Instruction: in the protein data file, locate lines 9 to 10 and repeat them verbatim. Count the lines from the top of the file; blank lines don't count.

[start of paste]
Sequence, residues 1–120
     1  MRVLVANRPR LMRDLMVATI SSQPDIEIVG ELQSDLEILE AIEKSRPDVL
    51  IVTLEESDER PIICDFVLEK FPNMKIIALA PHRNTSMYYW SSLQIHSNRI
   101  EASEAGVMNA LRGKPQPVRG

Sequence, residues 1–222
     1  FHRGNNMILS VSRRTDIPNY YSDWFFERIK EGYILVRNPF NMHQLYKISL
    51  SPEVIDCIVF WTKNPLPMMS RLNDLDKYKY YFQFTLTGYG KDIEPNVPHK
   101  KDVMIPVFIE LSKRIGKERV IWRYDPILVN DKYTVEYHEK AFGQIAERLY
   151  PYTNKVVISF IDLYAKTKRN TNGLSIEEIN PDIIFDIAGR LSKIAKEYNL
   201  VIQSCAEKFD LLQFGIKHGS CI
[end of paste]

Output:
   151  PYTNKVVISF IDLYAKTKRN TNGLSIEEIN PDIIFDIAGR LSKIAKEYNL
   201  VIQSCAEKFD LLQFGIKHGS CI